2017 Roundup: Semi-Pro Interchangeable Lens Cameras $2000+
Sony Alpha a7S II
12.2MP Full-frame CMOS sensor | 5-axis image stabilization | 4K video capture
What we like:
- Incredible low-light sensitivity, particularly for video
- Internal 4K recording
- 5-axis image stabilization
- Tilting LCD
What we don't:
- Contrast Detect AF struggles in low light and with low contrast subjects
- Small, finicky, mushy dials and buttons
- No touchscreen
- Poor battery life
The a7S II lifts the same high-sensitivity 12.2MP full-frame CMOS sensor from the original a7S and carries it into the second generation a7 lineup, adding in-body 5-axis and internal 4K recording as new features. It sits next to the a7 II and a7R II as the ideal choice for available light photographers and video shooters.
Autofocus is contrast-detect only, but is claimed to work down to -4 EV - something that we've found is borne out in testing. The algorithms in video have been changed to make AF smoother and quicker to rack between subjects. Still, for still shooters wishing to acquire focus in very dark scenarios, or continuously focus on moving subjects, the a7S II's AF system can prove frustratingly sluggish compared to (for example) the a7R II.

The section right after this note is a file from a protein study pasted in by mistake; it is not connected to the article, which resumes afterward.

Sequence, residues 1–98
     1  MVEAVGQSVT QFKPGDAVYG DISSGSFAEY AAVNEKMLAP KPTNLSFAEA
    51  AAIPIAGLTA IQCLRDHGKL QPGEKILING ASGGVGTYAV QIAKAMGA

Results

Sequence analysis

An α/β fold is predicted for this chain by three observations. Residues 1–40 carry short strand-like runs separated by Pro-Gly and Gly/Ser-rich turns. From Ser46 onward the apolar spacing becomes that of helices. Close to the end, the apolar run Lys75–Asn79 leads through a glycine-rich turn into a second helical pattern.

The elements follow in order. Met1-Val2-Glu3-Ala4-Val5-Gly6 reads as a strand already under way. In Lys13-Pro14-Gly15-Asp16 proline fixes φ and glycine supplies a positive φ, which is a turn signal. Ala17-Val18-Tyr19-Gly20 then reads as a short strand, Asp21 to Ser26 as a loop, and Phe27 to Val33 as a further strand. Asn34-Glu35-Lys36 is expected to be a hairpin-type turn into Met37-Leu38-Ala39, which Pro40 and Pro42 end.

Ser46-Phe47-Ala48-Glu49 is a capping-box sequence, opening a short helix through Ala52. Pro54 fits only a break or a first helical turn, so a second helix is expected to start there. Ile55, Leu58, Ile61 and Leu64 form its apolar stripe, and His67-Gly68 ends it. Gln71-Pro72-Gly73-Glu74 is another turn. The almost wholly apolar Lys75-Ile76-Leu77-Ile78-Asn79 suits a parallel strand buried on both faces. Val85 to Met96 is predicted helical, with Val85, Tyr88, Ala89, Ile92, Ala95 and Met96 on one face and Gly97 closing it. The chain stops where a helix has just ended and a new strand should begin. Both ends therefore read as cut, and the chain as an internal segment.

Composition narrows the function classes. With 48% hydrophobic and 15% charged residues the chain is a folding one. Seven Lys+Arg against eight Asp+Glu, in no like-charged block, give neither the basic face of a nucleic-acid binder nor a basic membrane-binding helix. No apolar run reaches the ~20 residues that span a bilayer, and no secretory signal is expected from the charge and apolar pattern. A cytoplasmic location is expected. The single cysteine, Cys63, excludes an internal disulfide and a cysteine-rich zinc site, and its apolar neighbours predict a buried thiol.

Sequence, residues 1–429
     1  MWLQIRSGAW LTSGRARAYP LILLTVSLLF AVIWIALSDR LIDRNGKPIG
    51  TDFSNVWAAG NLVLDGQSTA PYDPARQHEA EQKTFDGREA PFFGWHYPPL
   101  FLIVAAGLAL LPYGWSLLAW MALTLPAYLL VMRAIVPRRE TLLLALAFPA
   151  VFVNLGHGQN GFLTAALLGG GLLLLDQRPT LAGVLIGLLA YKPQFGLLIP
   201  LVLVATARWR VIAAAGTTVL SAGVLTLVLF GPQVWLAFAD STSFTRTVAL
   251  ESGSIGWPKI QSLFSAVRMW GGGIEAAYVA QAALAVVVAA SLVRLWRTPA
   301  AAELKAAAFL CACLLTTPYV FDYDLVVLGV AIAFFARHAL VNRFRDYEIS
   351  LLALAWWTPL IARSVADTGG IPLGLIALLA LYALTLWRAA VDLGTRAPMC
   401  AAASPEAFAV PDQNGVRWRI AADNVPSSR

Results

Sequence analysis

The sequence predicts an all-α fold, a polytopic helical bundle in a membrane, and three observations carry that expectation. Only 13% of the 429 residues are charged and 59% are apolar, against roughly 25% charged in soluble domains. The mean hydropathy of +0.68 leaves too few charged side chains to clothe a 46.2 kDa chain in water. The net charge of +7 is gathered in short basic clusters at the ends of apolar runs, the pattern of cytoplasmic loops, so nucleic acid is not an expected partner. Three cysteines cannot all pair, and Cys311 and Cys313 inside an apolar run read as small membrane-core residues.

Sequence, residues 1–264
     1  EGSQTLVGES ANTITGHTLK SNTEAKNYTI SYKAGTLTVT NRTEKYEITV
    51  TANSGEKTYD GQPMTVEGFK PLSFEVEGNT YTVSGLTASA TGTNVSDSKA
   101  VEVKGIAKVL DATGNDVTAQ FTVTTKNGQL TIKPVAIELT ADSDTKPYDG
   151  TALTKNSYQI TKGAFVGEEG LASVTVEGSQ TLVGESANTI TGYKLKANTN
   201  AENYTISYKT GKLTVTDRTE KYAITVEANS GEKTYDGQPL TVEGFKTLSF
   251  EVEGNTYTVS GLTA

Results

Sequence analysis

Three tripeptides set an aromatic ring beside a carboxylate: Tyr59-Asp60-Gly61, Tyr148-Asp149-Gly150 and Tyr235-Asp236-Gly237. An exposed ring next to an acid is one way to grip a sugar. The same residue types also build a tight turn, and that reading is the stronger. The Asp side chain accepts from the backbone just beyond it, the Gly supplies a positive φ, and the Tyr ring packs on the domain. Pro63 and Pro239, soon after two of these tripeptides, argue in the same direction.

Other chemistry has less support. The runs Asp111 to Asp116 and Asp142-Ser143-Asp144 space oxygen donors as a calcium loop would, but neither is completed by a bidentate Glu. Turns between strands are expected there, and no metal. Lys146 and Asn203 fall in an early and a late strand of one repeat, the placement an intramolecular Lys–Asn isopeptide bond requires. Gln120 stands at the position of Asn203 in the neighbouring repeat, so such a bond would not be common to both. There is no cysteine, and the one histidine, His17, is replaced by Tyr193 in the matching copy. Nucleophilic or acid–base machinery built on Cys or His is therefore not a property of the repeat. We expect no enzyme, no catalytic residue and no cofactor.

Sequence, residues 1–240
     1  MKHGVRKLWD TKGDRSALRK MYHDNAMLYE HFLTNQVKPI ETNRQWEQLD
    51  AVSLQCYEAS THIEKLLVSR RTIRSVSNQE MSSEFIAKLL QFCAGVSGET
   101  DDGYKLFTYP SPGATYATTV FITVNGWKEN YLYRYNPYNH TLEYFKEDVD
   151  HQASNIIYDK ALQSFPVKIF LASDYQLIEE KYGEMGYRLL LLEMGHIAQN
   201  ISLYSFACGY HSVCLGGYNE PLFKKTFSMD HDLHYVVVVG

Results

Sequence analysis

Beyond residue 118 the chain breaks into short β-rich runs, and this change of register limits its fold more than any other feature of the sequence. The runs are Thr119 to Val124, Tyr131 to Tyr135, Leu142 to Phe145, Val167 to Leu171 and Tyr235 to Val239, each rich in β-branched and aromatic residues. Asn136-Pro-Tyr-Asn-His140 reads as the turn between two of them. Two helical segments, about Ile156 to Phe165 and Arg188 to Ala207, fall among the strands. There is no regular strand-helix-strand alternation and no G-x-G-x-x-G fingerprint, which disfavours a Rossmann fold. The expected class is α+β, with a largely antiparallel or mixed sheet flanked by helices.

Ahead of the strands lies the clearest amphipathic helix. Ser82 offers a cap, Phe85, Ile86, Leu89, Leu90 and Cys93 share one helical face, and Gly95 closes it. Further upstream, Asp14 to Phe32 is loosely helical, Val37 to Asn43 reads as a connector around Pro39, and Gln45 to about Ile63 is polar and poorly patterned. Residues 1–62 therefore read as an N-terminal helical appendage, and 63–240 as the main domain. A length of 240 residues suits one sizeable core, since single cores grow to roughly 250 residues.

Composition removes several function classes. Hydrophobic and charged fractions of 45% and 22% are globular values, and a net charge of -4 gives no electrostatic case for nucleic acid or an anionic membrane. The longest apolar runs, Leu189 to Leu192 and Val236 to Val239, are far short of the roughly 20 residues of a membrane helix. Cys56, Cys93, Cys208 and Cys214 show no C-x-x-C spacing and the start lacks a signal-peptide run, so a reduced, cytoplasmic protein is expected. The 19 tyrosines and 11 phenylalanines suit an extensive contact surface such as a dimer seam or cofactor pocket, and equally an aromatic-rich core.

Image quality is quite good but resolution is obviously somewhat low, which limits scope for cropping and large prints. Noise levels remain low even at seemingly insane ISO levels. It's important to note though that the low light, high ISO stills performance of the a7S II is not unique: even higher resolution cameras show fairly similar low light performance at all but the highest ISOs in Raw comparisons at common viewing size. Uncompressed Raw is also offered, allowing as much detail as possible to be recovered from shadows and high contrast edges, without odd compression artifacts. Raw dynamic range, while significantly higher than Canon peers, lags slightly behind its higher resolution siblings as well as Nikon's offerings.
Where the a7S II really shines is in 4K recording, which it can now do at up to 30p internally. While the a7R II offers similar capability, the a7S II full-frame 4K is far more detailed, thanks to full-sensor readout of every pixel. We've also found this full sampling of the sensor to significantly benefit low light video quality, with the a7S II (and a7S) delivering the lowest noise low light video footage we've ever seen. Unlike the a7R II, to which comparisons will undoubtedly be drawn, the a7s II doesn't offer decisive AF in video sans hunting, since it lacks on-sensor phase-detection.
The a7S II also has the ability to shoot 1080p at 24, 30, 60, and 120 fps frame-rates (although 120p comes with a 2.2x crop factor: smaller than an APS-C crop). Profiles such as S-log utilize the sensor's excellent dynamic range to enable videographers to cram as much information in to their clips as possible, allowing high contrast scenes to be captured and later color graded to the videographer's taste. The camera also offers ample tools for pro videographers, like zebra stripes, focus peaking and more. And a built-in microphone and headphone jack make the a7S II all the more able to be turned into an all-out video rig.
Benefits like IBIS and improved log gamma capture (with a lower base ISO) spell serious improvements over the original a7S and make the a7S II one of the most compelling video recording devices currently on the market.
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